Jackie Kelsey sifted through a tray of dirt with her fingers, hoping to find something exciting.

“It’s part of reliving history,” she said with a smile. “I’ve always wanted to do it. I’m sure when you get to about my age, you’ll find something that you wish you’d done.”

The 86-year-old England-native has been around the world but never gotten the chance to get her hands dirty on foreign soil. She’s always found archeology interesting. On Monday, she got the opportunity to visit an active historical dig alongside some University of South Florida students on the grounds of the Gamble Plantation House in Ellenton.

“I’ve seen people digging and wished that I could do that,” she said.

Jackie was born in England, lived in Singapore for a year as a teenager, and honeymooned in Paris. She’s lost track of the countries she’s visited. She and her husband always loved to travel.

“Holland,” she said, when asked which place she visited first. “It was 1946. It was just after the war.”

Today’s dig site was the Gamble Plantation Historic State Park. Anthropology students dug up shards of glass, iron bits for horses’ mouths, and even empty bullet casings. Jackie unearthed a cracked medicine bottle, likely from the 19th century.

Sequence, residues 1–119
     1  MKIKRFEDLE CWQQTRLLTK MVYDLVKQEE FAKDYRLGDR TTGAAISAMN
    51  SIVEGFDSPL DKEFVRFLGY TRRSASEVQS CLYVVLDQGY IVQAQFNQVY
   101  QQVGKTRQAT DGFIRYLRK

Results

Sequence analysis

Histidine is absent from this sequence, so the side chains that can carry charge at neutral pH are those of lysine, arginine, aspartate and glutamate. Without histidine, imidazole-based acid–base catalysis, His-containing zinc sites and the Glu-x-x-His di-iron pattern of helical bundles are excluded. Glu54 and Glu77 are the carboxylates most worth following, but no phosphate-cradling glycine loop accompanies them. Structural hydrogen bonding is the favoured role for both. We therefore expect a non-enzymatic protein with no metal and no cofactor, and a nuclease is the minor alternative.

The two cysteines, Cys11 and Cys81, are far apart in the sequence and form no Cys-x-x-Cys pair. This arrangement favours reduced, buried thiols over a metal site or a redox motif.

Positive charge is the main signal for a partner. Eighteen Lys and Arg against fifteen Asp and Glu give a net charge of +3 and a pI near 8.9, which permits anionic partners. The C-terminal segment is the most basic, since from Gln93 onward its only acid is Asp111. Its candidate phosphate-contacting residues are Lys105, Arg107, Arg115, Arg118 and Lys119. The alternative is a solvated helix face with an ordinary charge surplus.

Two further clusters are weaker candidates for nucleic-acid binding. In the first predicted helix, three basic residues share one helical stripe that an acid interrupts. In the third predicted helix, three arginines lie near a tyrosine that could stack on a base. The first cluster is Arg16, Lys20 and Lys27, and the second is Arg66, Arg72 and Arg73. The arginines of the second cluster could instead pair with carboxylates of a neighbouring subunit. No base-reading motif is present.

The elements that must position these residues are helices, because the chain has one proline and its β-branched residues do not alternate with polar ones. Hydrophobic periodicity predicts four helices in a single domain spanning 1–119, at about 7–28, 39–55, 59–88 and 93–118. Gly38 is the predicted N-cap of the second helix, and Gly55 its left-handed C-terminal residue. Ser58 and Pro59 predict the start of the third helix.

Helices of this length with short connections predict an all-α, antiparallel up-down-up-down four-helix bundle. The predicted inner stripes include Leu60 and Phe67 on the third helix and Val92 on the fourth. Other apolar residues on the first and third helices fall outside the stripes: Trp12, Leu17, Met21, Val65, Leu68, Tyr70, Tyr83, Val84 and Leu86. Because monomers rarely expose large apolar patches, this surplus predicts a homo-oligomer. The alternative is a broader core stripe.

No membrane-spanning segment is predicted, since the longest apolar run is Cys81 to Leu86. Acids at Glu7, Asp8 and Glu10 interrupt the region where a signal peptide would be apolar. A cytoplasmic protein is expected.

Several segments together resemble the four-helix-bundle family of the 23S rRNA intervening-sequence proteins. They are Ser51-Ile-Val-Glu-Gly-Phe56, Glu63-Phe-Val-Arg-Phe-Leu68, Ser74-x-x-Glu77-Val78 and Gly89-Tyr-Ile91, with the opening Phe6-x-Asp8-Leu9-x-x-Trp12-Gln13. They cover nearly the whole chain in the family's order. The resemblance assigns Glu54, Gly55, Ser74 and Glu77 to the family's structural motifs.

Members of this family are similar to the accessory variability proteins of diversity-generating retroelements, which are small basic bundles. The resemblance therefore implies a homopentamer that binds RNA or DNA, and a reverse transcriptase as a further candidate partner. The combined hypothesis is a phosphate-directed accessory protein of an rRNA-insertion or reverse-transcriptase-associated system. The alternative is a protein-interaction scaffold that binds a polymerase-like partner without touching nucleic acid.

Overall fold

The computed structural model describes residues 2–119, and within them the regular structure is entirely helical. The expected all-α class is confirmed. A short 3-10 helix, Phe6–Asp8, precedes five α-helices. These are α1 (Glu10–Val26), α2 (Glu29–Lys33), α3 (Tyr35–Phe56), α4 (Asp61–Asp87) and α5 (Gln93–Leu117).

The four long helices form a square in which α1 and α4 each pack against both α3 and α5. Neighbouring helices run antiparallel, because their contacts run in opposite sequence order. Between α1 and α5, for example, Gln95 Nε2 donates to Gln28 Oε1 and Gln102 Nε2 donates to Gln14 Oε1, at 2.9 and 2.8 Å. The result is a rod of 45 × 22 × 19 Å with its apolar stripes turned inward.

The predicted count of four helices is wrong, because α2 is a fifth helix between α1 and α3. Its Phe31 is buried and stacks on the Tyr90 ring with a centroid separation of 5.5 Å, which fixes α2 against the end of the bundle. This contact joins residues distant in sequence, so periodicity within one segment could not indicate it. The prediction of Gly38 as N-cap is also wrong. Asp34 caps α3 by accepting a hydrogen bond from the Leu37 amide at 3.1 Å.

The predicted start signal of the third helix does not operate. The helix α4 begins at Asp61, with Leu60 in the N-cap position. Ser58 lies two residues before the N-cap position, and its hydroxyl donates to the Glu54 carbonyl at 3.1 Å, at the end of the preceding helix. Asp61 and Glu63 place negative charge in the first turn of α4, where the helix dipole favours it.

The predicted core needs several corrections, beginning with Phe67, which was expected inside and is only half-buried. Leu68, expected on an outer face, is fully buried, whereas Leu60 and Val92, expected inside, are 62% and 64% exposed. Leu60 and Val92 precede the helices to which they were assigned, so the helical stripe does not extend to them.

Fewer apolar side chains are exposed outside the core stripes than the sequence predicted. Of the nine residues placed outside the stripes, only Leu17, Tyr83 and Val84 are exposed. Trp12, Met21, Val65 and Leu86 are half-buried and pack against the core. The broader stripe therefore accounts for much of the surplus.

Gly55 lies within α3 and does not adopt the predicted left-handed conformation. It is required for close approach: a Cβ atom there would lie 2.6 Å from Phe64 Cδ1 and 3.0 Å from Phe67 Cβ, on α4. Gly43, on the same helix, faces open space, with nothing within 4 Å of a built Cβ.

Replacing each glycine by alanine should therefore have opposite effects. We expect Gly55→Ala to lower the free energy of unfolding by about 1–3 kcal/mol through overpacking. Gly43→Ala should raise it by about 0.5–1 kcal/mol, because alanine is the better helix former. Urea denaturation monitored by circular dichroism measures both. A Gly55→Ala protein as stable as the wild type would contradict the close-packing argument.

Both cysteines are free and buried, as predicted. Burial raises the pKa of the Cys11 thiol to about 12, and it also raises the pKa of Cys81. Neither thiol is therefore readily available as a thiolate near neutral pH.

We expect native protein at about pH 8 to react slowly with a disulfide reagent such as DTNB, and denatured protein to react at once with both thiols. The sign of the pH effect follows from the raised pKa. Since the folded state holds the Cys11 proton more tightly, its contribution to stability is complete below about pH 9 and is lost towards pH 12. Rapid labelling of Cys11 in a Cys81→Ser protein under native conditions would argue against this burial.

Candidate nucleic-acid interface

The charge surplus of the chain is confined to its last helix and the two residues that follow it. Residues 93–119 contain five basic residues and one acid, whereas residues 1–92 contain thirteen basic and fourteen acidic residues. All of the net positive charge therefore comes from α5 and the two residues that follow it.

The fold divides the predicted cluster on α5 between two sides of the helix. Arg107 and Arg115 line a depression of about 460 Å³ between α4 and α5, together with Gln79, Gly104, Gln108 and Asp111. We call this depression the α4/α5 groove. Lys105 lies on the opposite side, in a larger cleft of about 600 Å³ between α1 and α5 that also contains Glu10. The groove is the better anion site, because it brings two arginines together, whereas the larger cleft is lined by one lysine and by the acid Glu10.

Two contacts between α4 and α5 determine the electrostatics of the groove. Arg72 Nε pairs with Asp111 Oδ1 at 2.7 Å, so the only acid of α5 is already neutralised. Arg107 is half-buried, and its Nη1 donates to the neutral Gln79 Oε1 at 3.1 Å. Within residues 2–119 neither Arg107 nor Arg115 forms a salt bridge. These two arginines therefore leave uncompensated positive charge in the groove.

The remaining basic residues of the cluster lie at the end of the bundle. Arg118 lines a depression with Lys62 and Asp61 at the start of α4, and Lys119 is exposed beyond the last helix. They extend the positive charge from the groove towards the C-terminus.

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“Knowing the heritage and history of a place connects us to that place,” said Diane Wallman, a professor of anthropology at USF. “I’m amazed. She got right in there and got in the unit and dug.”

“I’ve always wanted to do it,” said Jackie. “I’m sure when you get to about my age you’ll find something you wish you’d have done.”

Her efforts impressed the students.

“She’s old-school,” said Nader Issa. “She wants to get out here and actually see what’s going on. I hope I’m like that when I’m 86.”

Jackie dusted off her hands as she finished digging for the day. She waited a long time to get her hands dirty. It was worth the wait.

“We all have dreams,” she said. “I’m going to be 87 in a couple of months. I think this is about it.”

Jackie lives at Freedom Village retirement home in Bradenton. The opportunity to dig came courtesy of the Wish Of A Lifetime program, which helps seniors accomplish lifelong goals. Over 1,000 wishes have been granted across all 50 states since 2008.